Ingrid Goes West

Were there any little details or the small things that you’ve experienced living in LA that you wanted in the movie?

The one thing, and I did it, was saying everything is the best. Like the best. The best. We gave that to Taylor, but I mean that’s something that I do that I think I’ve picked up just from friends or whatever is this use of hyperbole. You know, like everything’s the best. Everything’s amazing, or whatever. I just think that’s a really funny thing that people that live outside of LA might not talk like. I don’t know, I just know that I know a lot of people around me talk like that. That was one thing that we had talked about from the beginning where it’s like we want Taylor to always say everything’s the best.

It’s funny how that happens. Before I got to LA, I don’t think I ever said, “It’s cool” so much, and I don’t think I ever said “Dope” before.

Oh yeah. Yeah, exactly. Also, everybody hugs out here, I noticed. I remember when I first moved out here, everyone was like hugging and I’m like, “Okay.” And then I started doing it and then I went back to Philly where I’m from and was like hugging all my friends, and they were like, “Dude, what are you doing? Why are you hugging?” I was like, “That’s what people do, man.”

(Spoiler warning for the rest of the interview.)

[Laughs] I want to ask about the ending. I could maybe see someone taking the wrong message from it. Have you heard any interesting interpretations or takeaways from the final minute that have surprised you?

Well, I’ll tell you what, some people I would say have echoed that concern about it, but just about everyone I’ve talked to, when I really press them, “What do you think? What is your takeaway from the ending?” They’re always spot on. I’ve talked to a lot of 15, 16, 17-year olds that have seen the film and they all totally get it. They get that Ingrid’s not supposed to be a role model and about all that stuff. And it’s usually older people who are the ones who are like really concerned they are going to take the wrong message from it.

But it’s funny. Usually, kids are the ones that are like, “Oh, I totally get it. And I like that the ending didn’t treat me like an idiot and tell me,” you know, it wasn’t like an after-school special that’s like “Social media’s bad.” My favorite films are … I love Taxi Driver and that ending, he shoots a bunch of pimps and then is rewarded for and called a hero. It’s like, I don’t think you’re supposed to leave taxis ever being like, “Yeah Travis Bickle. I want to be that guy.” You know what I mean? I think obviously it’s a film, it’s not for everybody. It’s rated R. You know, it requires a certain level of engagement, I think. It’s not something you could just turn your brain off and enjoy, but those are the kind of movies that I like.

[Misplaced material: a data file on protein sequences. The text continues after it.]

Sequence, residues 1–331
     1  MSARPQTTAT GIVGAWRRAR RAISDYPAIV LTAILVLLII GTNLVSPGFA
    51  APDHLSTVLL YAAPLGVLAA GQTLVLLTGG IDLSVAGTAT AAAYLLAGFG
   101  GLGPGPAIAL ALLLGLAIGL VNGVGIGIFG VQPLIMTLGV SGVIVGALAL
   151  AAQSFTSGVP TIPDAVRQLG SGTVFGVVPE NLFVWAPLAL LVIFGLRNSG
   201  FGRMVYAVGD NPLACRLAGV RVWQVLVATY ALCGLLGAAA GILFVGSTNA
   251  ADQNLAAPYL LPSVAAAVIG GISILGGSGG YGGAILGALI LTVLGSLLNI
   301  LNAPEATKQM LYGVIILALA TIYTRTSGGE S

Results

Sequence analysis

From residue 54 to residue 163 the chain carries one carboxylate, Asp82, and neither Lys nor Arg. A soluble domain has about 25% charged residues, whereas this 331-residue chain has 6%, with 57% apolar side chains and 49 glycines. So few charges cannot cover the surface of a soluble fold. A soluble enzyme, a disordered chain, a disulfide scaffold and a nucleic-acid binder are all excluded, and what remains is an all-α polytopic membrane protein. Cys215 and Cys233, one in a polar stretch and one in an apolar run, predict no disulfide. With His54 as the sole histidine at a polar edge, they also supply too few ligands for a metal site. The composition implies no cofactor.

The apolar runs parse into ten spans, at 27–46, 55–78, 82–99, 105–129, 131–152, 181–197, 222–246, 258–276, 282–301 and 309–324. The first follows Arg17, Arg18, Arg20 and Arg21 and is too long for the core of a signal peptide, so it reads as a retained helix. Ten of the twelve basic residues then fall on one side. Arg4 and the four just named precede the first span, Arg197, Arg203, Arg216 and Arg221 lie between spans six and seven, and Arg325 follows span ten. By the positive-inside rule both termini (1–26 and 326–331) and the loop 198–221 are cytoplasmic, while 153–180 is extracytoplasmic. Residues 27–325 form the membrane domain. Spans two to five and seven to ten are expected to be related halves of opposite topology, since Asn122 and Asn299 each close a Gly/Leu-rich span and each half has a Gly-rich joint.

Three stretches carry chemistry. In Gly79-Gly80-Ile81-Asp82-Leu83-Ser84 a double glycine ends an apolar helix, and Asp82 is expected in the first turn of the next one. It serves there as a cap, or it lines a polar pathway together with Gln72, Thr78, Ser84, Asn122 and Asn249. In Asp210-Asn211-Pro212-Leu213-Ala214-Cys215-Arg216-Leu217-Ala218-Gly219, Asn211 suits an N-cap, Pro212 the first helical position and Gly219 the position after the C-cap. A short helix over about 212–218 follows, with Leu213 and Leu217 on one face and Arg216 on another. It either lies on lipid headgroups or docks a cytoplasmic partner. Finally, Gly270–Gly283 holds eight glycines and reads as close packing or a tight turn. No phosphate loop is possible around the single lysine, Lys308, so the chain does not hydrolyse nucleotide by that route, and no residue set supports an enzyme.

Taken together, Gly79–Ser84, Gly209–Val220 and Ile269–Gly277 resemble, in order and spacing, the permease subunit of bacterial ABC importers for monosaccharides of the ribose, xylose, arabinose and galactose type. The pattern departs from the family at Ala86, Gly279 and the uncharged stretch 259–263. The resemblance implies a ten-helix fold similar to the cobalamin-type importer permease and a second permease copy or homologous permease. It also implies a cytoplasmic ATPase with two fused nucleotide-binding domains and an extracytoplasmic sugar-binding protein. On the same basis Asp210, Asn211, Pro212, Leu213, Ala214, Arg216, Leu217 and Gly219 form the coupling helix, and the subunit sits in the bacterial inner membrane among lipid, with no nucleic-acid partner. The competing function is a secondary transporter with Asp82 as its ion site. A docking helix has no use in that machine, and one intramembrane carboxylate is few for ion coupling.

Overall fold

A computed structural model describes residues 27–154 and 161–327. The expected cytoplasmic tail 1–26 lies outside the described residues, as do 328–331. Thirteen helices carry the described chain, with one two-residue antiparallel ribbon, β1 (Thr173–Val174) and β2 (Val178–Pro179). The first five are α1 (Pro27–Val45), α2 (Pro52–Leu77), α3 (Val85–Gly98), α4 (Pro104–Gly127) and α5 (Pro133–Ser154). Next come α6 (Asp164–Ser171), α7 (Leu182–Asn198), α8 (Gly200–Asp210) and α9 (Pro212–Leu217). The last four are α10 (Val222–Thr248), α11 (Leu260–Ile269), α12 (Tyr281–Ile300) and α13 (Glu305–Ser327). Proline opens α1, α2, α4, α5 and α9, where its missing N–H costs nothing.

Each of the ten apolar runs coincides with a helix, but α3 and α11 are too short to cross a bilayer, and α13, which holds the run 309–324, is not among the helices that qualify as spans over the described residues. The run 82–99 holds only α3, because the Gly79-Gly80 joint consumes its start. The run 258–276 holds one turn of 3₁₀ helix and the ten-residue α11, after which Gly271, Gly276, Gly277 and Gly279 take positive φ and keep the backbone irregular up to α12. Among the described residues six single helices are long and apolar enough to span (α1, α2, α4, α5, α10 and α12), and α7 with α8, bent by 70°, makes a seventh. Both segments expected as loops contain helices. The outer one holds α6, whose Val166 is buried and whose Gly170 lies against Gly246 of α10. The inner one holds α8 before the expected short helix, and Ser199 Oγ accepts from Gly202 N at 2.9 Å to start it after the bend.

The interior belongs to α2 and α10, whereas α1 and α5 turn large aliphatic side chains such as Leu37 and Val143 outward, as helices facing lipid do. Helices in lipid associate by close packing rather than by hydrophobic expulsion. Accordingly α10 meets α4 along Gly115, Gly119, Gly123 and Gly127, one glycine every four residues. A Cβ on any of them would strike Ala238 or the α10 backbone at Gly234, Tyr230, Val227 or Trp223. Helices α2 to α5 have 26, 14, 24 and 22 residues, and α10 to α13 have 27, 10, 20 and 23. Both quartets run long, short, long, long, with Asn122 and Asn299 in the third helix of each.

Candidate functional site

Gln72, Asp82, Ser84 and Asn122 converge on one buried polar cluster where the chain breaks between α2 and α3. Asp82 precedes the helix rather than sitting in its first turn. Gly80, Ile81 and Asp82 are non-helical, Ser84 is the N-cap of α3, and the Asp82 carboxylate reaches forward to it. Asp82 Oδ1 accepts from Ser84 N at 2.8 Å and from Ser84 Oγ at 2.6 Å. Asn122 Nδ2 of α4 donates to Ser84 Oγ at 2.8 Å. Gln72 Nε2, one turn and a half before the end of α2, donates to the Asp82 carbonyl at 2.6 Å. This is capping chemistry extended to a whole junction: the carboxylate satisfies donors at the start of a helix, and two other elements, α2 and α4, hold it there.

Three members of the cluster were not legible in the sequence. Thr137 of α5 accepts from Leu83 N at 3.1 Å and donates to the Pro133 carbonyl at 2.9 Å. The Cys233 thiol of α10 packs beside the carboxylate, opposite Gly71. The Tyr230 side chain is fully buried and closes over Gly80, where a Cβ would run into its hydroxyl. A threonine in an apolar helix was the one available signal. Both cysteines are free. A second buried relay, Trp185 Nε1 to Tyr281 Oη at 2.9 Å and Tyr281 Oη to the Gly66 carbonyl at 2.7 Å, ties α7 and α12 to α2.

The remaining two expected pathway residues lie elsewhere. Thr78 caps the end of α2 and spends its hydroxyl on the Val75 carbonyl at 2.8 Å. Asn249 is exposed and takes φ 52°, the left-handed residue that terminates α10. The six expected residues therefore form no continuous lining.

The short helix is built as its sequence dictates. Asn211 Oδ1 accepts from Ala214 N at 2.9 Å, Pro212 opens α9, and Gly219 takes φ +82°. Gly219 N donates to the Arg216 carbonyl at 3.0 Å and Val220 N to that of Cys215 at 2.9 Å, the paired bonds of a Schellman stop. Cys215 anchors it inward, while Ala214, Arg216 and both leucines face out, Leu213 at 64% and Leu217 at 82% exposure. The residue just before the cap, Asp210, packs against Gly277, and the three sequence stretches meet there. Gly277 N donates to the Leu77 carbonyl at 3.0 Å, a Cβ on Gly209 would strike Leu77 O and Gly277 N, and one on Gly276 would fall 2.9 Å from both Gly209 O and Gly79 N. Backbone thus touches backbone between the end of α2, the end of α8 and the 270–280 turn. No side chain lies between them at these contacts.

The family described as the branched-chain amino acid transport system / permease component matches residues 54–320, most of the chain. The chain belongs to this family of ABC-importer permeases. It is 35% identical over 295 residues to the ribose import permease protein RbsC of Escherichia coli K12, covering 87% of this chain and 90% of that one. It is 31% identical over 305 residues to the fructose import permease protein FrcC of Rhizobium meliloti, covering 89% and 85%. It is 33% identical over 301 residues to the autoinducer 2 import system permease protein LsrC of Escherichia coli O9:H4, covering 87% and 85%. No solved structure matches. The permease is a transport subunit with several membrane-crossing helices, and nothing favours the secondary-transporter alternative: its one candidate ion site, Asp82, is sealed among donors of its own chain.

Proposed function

Ingrid Goes West Red Band Trailer

In a way, it feels truthful, too, in that not everyone changes. Ingrid could change, but…

Yeah. We screened it for people, and some people were like, “I just wish that she could just turn off her phone and throw it into the ocean or something.” That just doesn’t feel like Ingrid. I just can’t really envision that. No other ending sold right to me and we just had to follow our instincts. But we’ve definitely fine tuned the ending, I would say, to get to a point where I felt I was happy with it. I think you add a few frames to that last shot, or you take a few frames away and it doesn’t have the same impact.

I also think that Dan Pinto and O’Shea’s performance does a lot in terms of what I think is ultimate map to the movie, which isn’t necessarily that social media’s good or bad, but that authenticity is being valued over whatever fakeness you might experience online. I think that’s what Dan Pinto represents and why it’s important that he’s there in the end, so she really feels she’s torn between these two choices. Is she going to go down this path or a different path? Is she going to change or not?

You mentioned the idea of fine tuning the ending. What scenes took required more tweaking in post-production?

We did some fine tuning and tweaking to the beginning. We kept getting these notes about the end, and they were like, “We just don’t care about Ingrid and all these things.” I was just really frustrated because I was like, I know we have the right ending. Originally, Ingrid, when she got out of the mental hospital in the beginning of the movie, she was going to live with her sister. The performance of the sister was great and everything but I think by taking her out and having it just be Ingrid by herself, you suddenly just empathize with her so much more and understand her loneliness and what’s driving her. We really needed that engine to send her on this journey.

And then once we changed that, people started liking the ending. There’s an old screenwriting adage that’s like, “If there’s a problem with your third act, there’s a problem with your first act,” kind of a thing, and that was a hard lesson we had to learn in post. You know, people weren’t taking issue with the ending, but the problem was at the beginning of the film, not the end of the film.


Ingrid Goes West is now in theaters and available to rent on iTunes.

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